I’m, apparently, anal retentive when it comes to my writing. This is why the manuscript for “Swamis” is 123,000 words long; evidently somewhere around thirty, forty thousand words too many. WAIT, maybe I’m actually just trying to share all the good, um stuff. Wait; that would possibly make me anal explosive, the opposite, I’ve been informed, of, you know… hey, I wouldn’t think anyone wants to be identified as anal, um, anything.
OKAY, so, if I have to be that; if I have to radically, ruthlessly cut out a lot of words from “Swamis,” I’m going to, yeah, save the stuff.
SO, I’ve set up a place to put it, knowing, or, more likely, hoping that some of the peripheral stories I’ve so enjoyed writing might be useful in the, say, Season 2 of “Swamis.”
Yes, my ego is pretty much intact, despite getting reviews of the manuscript by two trusted people who actually got through it, both of whom (nicely but firmly) informed me it’s just too frustratingly complicated. Not the same as badly written. So, okay. That is, yeah; I knew that. Explosive.
What I would like to do, then, is publish some of the outtakes here. Here is the first batch, plus an illustration for the manuscript by the fictional Jody DeFreines by the real Erwin Dence.
The first segment is an embellished version of two separate incidents, one in which my friend Phillip Harper, both of us 16, had me try to purchase cigarettes as I, according to him, looked older. Not old enough, evidently.
The other segment and the illustration relate to the fictional presence of Ray Hicks and Phillip Harper at the aftermath of Chulo’s death (also fiction; based, sort of, on a real story of the body of a well know surfer ending up in a dumpster in Encinitas. Phil and Ray did get busted for serial ditching as per the insert.
SIDESLIPPING- OUTTAKES FROM “SWAMIS”
Here we go:
SO FUCK-ING COOL… MAN
For a short period of time, but right about this time; well past ‘groovy,’ way past anyone remotely cool (or young) calling anyone a ‘Hippie,’ I made the adjustment, from ‘fuckin’, dropping the ‘ing,’ to Fuck-ing, emphasis on the ‘ing.’ This was after running into a guy, Gordy, a year ahead of me in high school, at a liquor store in Vista. He was sporting a full beard and long hair (longer- Fallbrook had a dress code and I’d just graduated), parted in the middle (of course), and clothing, Hippie-garb I called it, that denied his quite-upper class upbringing.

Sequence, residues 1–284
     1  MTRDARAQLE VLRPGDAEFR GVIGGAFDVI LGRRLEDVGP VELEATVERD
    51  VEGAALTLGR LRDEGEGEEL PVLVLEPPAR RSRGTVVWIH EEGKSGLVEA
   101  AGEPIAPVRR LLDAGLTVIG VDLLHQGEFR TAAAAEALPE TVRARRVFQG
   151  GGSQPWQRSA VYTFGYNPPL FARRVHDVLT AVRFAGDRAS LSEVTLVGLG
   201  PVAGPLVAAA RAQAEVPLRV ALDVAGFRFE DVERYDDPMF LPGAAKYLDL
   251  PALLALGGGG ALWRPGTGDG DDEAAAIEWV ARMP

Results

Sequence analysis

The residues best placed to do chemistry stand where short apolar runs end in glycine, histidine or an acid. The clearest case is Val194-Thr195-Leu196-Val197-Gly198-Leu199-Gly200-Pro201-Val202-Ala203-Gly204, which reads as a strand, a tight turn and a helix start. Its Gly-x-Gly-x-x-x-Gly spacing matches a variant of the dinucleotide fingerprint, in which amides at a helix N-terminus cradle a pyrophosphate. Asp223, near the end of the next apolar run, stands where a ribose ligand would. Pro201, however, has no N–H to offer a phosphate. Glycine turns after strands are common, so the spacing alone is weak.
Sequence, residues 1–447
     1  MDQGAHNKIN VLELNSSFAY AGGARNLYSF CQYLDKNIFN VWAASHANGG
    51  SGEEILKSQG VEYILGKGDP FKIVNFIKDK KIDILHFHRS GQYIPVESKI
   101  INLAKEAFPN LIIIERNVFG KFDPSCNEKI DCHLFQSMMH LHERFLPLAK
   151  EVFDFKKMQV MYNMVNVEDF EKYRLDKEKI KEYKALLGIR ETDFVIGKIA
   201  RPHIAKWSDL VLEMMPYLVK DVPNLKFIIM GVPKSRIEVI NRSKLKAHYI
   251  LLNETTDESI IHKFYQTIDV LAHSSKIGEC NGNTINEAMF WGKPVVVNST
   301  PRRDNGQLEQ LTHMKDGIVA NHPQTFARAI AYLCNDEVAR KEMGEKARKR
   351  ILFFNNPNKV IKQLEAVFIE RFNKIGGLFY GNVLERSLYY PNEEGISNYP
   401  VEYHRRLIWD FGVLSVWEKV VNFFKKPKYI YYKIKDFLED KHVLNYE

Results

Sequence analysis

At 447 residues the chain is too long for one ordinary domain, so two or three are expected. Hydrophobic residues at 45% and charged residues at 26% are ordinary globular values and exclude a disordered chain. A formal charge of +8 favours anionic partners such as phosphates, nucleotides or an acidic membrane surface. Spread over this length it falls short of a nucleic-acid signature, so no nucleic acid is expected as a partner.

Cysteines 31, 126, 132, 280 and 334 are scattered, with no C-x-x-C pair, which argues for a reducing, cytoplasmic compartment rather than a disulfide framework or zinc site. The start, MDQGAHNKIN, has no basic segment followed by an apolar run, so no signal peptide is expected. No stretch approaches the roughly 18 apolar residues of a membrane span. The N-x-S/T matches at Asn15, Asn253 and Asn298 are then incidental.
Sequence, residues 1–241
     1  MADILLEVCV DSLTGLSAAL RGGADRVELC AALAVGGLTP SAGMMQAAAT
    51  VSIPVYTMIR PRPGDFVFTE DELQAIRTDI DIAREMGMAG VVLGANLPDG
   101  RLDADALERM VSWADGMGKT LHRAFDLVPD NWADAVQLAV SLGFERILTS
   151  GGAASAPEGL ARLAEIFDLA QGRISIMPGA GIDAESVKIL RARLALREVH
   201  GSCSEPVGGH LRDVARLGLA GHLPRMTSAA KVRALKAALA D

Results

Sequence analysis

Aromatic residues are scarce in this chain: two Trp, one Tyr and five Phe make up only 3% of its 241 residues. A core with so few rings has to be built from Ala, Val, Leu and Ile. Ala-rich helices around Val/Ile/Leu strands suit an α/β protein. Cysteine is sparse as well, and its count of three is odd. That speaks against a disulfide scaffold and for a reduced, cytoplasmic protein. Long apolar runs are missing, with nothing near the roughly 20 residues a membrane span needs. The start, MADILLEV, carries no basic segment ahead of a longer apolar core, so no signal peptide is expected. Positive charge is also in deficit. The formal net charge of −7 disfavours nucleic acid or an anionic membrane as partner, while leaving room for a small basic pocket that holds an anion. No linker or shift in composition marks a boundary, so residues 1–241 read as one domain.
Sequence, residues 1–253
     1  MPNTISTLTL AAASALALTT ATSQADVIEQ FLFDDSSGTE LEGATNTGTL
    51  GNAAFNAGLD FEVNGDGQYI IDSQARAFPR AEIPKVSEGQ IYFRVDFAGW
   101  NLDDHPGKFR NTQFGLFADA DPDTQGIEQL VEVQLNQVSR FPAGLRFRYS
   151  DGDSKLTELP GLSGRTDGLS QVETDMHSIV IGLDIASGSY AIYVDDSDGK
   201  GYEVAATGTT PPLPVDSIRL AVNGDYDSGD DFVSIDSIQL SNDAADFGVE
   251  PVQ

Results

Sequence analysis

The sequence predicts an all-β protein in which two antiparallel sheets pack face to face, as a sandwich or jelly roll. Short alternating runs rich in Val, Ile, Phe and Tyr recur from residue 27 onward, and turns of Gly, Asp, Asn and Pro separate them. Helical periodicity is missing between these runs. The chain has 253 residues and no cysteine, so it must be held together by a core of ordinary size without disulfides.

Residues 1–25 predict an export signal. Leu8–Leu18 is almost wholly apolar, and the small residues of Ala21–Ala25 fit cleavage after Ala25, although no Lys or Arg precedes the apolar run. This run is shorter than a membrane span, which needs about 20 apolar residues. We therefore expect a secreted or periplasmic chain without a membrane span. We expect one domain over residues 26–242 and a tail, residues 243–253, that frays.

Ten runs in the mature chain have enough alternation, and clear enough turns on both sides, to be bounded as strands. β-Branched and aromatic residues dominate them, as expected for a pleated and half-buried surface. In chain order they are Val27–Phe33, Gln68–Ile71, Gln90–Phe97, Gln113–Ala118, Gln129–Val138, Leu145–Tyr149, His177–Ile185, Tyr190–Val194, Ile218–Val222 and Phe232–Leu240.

“So fuck-ing’ cool, man. We just don’t fuck-ing’ see each other, man; like, like we used to.” And he was, obviously, stoned, with an even more-stoned girl, possibly still in high school; headband, boutique-chic top hanging precariously on her breasts, nodding, giggling, eyes unable to focus or even adjust to the light from the coolers; next to him.
I was looking at the girl. Maybe I knew an older brother or sister. She looked at me, squinting, then nodding, a finger pointed way too close to my eyes. Big smile. “My brother Larry,” she said, “he says you’re a fuck-ing’ asshole; oh and…” She lost her thought. Emphasis on the ‘ing.’
“Larry. Yeah. Well.” Larry. Yeah. Larry’s little sister.
I walked toward the counter, looked at the guy behind it; older guy, sort of leering at the girl. “Larry’s little sister,” I said. The guy nodded. Appreciatively (by which I mean creepily). “She probably going to be, like…” I looked at her (questioningly, not, I hope, creepily). “…a Junior?” she nodded. “Like, uh, next year?”
“Class of, uh, a second…”